Date of Award
Doctor of Philosophy (PhD)
The number of solar photovoltaic (PV) installations is growing exponentially, and to improve the energy yield and the efficiency of PV systems, it is necessary to have correct methods for simulation, measurement, and emulation. PV systems can be simulated using PV models for different configurations and technologies of PV modules. Additionally, different environmental conditions of solar irradiance, temperature, and partial shading can be incorporated in the model to accurately simulate PV systems for any given condition.
The electrical measurement of PV systems both prior to and after making electrical connections is important for attaining high efficiency and reliability. Measuring PV modules using a current-voltage (I-V) curve tracer allows the installer to know whether the PV modules are 100% operational. The installed modules can be properly matched to maximize performance. Once installed, the whole system needs to be characterized similarly to detect mismatches, partial shading, or installation damage before energizing the system. This will prevent any reliability issues from the onset and ensure the system efficiency will remain high.
A capacitive load is implemented in making I-V curve measurements with the goal of minimizing the curve tracer volume and cost. Additionally, the increase of measurement resolution and accuracy is possible via the use of accurate voltage and current measurement methods and accurate PV models to translate the curves to standard testing conditions. A move from mechanical relays to solid-state MOSFETs improved system reliability while significantly reducing device volume and costs.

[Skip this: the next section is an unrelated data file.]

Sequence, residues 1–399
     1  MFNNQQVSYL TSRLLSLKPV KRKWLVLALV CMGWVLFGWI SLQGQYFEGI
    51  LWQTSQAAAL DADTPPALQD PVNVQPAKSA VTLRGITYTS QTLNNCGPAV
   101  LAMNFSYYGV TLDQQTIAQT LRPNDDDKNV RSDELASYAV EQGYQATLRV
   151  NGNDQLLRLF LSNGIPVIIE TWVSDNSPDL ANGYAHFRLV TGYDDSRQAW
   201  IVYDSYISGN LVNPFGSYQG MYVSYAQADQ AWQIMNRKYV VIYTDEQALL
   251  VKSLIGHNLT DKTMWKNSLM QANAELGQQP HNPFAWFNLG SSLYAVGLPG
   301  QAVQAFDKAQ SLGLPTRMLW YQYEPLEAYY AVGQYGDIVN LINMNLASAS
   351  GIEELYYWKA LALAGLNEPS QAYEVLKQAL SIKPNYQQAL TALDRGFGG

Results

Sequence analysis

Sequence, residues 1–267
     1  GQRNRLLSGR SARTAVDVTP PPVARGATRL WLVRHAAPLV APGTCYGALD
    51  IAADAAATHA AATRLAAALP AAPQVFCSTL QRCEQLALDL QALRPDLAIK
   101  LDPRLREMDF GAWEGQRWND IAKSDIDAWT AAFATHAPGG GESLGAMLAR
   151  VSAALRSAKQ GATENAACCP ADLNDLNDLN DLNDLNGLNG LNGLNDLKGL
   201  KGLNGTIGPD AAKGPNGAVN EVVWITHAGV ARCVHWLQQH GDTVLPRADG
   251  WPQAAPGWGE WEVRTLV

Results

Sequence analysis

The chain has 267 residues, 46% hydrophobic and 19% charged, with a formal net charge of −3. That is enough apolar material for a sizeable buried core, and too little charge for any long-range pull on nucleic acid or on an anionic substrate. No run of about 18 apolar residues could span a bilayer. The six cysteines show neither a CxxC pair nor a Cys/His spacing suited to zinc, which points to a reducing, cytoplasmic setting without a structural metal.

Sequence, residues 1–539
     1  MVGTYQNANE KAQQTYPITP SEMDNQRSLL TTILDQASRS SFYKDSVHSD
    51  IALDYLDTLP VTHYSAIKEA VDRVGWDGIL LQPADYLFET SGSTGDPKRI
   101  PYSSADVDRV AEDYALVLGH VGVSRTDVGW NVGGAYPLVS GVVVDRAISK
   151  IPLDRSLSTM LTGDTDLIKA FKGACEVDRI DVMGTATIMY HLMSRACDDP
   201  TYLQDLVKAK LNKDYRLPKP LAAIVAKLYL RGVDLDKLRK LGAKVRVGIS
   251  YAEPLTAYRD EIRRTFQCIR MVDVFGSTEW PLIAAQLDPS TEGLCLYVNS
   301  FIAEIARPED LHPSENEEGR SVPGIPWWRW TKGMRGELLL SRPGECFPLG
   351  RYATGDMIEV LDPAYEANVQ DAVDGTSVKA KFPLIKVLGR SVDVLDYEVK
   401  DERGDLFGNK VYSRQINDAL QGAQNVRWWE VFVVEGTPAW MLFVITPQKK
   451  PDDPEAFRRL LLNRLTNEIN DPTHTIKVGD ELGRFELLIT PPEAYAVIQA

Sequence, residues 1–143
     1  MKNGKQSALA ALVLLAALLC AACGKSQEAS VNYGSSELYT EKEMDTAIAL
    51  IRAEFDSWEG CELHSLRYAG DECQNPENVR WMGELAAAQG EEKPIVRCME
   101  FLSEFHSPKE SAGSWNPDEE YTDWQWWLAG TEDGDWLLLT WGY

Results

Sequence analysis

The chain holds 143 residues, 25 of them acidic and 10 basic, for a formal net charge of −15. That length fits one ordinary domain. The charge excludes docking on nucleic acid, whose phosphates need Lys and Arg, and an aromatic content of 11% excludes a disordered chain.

Finally, emulating PV modules is necessary for testing electrical components of a PV system. PV emulation simplifies and standardizes the tests allowing for different irradiance, temperature and partial shading levels to be easily tested. Proper emulation of PV modules requires an accurate and mathematically simple PV model that incorporates all known system variables so that any PV module can be emulated as the design requires.
A non-synchronous buck converter is proposed for the emulation of a single, high-power PV module using traditional silicon devices. With the proof-of-concept working and improvements in efficiency, power density and steady-state errors made, dynamic tests were performed using an inverter connected to the PV emulator. In order to improve the dynamic characteristics, a synchronous buck converter topology is proposed along with the use of advanced GaNFET devices which resulted in very high power efficiency and improved dynamic response characteristics when emulating PV modules.
"Simulation, Measurement, and Emulation of Photovoltaic Modules Using High Frequency and High Power Density Power Electronic Circuits"
(2016). Doctor of Philosophy (PhD), dissertation, Electrical/Computer Engineering, Old Dominion University, DOI: 10.25777/nvtx-d822